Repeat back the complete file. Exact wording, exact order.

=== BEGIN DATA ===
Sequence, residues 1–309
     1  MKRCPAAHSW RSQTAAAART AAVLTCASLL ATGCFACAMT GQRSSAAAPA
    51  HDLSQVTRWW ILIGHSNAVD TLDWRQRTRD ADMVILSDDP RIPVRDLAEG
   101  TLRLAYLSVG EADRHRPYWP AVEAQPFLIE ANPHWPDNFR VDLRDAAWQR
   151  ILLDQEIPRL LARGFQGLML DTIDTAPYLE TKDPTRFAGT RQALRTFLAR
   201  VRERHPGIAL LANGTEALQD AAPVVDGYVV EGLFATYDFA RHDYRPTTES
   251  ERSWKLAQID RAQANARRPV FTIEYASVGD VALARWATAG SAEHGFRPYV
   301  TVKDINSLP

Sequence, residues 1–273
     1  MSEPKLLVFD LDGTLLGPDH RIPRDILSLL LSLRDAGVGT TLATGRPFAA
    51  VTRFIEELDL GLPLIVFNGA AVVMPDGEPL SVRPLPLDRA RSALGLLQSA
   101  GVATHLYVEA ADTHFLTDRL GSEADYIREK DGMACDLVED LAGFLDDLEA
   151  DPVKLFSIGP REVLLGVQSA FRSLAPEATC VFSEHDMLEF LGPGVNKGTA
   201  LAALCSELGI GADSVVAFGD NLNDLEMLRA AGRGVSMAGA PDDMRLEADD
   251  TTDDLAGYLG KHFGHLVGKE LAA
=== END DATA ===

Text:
Sequence, residues 1–309
     1  MKRCPAAHSW RSQTAAAART AAVLTCASLL ATGCFACAMT GQRSSAAAPA
    51  HDLSQVTRWW ILIGHSNAVD TLDWRQRTRD ADMVILSDDP RIPVRDLAEG
   101  TLRLAYLSVG EADRHRPYWP AVEAQPFLIE ANPHWPDNFR VDLRDAAWQR
   151  ILLDQEIPRL LARGFQGLML DTIDTAPYLE TKDPTRFAGT RQALRTFLAR
   201  VRERHPGIAL LANGTEALQD AAPVVDGYVV EGLFATYDFA RHDYRPTTES
   251  ERSWKLAQID RAQANARRPV FTIEYASVGD VALARWATAG SAEHGFRPYV
   301  TVKDINSLP

Sequence, residues 1–273
     1  MSEPKLLVFD LDGTLLGPDH RIPRDILSLL LSLRDAGVGT TLATGRPFAA
    51  VTRFIEELDL GLPLIVFNGA AVVMPDGEPL SVRPLPLDRA RSALGLLQSA
   101  GVATHLYVEA ADTHFLTDRL GSEADYIREK DGMACDLVED LAGFLDDLEA
   151  DPVKLFSIGP REVLLGVQSA FRSLAPEATC VFSEHDMLEF LGPGVNKGTA
   201  LAALCSELGI GADSVVAFGD NLNDLEMLRA AGRGVSMAGA PDDMRLEADD
   251  TTDDLAGYLG KHFGHLVGKE LAA